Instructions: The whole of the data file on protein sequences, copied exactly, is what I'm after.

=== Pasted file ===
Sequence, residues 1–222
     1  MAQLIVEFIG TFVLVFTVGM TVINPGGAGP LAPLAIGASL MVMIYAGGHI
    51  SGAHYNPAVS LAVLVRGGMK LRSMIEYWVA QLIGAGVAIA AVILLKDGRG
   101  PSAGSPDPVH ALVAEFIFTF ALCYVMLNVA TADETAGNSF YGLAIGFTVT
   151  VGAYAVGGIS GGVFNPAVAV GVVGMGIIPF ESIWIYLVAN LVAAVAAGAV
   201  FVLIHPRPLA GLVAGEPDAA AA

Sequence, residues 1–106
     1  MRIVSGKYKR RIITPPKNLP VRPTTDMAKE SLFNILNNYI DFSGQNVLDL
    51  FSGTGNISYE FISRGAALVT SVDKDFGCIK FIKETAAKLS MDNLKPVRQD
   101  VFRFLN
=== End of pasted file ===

Sequence, residues 1–222
     1  MAQLIVEFIG TFVLVFTVGM TVINPGGAGP LAPLAIGASL MVMIYAGGHI
    51  SGAHYNPAVS LAVLVRGGMK LRSMIEYWVA QLIGAGVAIA AVILLKDGRG
   101  PSAGSPDPVH ALVAEFIFTF ALCYVMLNVA TADETAGNSF YGLAIGFTVT
   151  VGAYAVGGIS GGVFNPAVAV GVVGMGIIPF ESIWIYLVAN LVAAVAAGAV
   201  FVLIHPRPLA GLVAGEPDAA AA

Sequence, residues 1–106
     1  MRIVSGKYKR RIITPPKNLP VRPTTDMAKE SLFNILNNYI DFSGQNVLDL
    51  FSGTGNISYE FISRGAALVT SVDKDFGCIK FIKETAAKLS MDNLKPVRQD
   101  VFRFLN